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Can investment zones really streamline the planning process?

Paul Walton, director of PWA Planning, explains the government’s proposed enterprise zones and asks whether they can really deliver a quicker planning process.

Investment zones – unveiled in the mini budget as part of the government’s Growth Plan 2022 – is a new initiative promising to help bring forward commercial and residential development and regeneration.

Delivered by the Department for Levelling Up, Housing & Communities, investment zones will be located across the country, with combined authorities and upper tier authorities in England able to bid to become part of the scheme.

Investment zones aim to ‘turbocharge’ development by not only giving businesses in that area a boost through lower taxes, but also offering a more streamlined planning process by loosening planning rules for new developments.

It is hoped that this combination will spur a surge in housebuilding across the country.

Deregulated planning rules

On the face of it, the investment zones appear to share many similarities with the current enterprise zones. Although much of the incentive will be tax driven – with cutting regulations being the main premise – planning interference, or lack of, is another prevalent feature.

At this stage it isn’t clear what the light touch planning regime might amount to, or how it will be implemented.

A framework for the planning regime in investment zones is expected to be released imminently, but initial details on the liberalised planning offer shows the government’s intention is to ensure it does everything possible to streamline and accelerate the delivery of high-quality development for jobs and homes.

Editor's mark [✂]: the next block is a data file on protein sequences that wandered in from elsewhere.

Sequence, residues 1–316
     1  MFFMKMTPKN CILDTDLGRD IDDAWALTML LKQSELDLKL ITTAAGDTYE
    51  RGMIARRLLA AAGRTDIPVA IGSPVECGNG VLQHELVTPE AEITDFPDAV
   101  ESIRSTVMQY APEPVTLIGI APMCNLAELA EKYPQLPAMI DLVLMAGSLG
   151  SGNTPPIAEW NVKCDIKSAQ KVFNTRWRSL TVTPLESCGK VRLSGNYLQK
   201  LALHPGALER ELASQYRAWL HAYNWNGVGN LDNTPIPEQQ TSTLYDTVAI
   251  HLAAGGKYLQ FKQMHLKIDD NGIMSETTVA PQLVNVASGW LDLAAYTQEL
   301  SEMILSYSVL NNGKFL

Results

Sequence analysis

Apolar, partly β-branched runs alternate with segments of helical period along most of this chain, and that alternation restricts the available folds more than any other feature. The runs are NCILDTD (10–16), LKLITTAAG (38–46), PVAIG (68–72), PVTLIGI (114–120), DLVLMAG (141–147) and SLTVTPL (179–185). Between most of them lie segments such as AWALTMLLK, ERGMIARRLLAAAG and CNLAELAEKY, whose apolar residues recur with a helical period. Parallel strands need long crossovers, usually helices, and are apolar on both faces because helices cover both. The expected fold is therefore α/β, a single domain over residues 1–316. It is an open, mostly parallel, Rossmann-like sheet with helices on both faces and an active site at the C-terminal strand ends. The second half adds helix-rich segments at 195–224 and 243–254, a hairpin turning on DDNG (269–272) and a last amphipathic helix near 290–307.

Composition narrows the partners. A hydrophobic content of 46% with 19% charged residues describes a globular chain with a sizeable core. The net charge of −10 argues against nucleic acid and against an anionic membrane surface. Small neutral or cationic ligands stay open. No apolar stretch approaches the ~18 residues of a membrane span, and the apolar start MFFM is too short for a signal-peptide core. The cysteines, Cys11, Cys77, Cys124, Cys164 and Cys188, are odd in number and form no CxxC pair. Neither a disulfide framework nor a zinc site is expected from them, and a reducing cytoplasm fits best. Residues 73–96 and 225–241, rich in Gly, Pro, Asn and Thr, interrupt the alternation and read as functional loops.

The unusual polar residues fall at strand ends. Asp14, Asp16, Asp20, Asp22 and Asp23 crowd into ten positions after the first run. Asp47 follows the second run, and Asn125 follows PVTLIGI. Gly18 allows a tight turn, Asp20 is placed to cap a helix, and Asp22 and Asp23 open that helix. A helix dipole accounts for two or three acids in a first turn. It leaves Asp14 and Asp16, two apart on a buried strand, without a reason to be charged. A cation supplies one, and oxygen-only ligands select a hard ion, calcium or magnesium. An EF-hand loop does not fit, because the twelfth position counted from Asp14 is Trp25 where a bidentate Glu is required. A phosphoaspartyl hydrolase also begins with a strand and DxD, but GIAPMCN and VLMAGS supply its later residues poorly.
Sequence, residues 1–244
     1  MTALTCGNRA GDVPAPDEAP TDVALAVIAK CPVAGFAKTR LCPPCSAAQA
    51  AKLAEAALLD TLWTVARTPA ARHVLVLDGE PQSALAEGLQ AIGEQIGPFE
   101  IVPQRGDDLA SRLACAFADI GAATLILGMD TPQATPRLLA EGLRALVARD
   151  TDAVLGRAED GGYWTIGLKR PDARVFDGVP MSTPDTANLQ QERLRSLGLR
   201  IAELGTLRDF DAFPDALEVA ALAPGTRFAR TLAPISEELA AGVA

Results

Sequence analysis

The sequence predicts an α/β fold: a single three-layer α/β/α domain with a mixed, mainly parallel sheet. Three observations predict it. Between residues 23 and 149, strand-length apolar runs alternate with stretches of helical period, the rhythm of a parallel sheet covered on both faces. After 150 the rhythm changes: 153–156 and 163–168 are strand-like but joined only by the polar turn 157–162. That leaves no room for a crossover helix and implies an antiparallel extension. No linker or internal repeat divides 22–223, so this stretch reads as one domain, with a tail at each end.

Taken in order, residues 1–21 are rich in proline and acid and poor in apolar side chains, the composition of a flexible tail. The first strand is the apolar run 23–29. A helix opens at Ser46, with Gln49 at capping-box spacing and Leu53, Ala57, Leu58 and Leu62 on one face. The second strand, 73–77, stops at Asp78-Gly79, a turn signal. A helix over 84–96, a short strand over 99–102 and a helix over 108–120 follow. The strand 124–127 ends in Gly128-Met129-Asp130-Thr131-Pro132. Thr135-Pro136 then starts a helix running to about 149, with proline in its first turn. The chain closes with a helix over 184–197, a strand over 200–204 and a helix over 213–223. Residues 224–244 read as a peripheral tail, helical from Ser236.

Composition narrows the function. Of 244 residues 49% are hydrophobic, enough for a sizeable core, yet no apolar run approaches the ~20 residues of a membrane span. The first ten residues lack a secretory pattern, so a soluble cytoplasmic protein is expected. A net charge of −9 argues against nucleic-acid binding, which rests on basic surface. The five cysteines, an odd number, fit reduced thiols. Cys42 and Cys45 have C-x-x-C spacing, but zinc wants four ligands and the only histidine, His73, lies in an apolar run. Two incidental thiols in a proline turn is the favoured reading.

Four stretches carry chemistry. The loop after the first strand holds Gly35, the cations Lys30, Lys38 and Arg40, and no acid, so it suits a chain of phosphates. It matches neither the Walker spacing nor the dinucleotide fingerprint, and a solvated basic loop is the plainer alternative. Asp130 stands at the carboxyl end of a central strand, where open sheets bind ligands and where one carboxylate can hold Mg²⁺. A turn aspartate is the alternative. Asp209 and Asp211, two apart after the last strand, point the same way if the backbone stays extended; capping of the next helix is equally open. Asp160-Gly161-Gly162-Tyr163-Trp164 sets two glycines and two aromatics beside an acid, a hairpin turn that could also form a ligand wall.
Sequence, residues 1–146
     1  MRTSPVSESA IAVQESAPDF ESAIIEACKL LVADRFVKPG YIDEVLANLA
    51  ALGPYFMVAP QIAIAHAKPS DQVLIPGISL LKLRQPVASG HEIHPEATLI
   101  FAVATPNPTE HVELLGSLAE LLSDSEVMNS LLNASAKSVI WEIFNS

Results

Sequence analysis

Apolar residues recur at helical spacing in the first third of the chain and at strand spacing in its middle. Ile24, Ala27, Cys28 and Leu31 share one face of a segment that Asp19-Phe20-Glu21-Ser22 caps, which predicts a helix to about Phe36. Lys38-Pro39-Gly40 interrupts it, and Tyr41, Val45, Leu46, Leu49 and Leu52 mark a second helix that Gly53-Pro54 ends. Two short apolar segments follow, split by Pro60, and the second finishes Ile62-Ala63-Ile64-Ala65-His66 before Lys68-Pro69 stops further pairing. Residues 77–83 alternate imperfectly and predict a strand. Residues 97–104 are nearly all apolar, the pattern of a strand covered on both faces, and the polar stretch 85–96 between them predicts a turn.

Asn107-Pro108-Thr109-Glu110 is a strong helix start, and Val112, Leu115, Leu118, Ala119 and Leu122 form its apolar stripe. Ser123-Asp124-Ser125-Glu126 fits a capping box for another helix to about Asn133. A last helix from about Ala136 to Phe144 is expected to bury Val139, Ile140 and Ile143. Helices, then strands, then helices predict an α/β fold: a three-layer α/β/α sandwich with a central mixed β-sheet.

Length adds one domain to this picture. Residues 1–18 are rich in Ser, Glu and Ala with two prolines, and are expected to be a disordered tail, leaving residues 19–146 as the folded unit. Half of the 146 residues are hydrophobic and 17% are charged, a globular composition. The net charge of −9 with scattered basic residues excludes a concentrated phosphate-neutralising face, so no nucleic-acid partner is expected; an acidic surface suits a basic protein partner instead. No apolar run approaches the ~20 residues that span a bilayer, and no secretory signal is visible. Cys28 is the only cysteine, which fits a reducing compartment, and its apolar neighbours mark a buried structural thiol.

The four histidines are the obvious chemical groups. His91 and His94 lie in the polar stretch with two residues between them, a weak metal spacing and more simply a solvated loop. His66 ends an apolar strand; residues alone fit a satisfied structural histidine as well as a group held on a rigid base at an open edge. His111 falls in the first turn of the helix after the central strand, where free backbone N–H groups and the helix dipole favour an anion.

The key component will be a new faster, streamlined consent to grant planning permission, which will seek to:

  • Remove burdensome EU requirements which create paperwork and stall development but do not necessarily protect the environment
  • Focus developer contributions on essential infrastructure requirements
  • Reduce lengthy consultation with statutory bodies
  • Relax key national and local policy requirements

Locally led

The light touch planning regime will be operated by a development corporation or other body established by the chosen local authority or group of authorities – so it is not intended to operate nationwide.

Of course, some key national policies will not be relaxed, for example those surrounding the green belt, heritage, flood risk and highways to name a few. In fact, almost all of the technical matters which currently cause significant delay – and often stalemate – in progressing planning applications at this time.

It will be interesting to see how, with these caveats, the planning system can be made not to stand in the way of investment.

Delays resulting from under resourced statutory consultees will need to be the main focus of attention, as delays at present are often counted in months if not years.

Grappling with a system which needs to ensure public and statutory consultation, yet which can bring forward development in a timely manner has been the silver bullet which has eluded national and local government since the inception of the modern planning system in 1947.

It remains to be seen whether this new regime at No.10 can square this particular circle.

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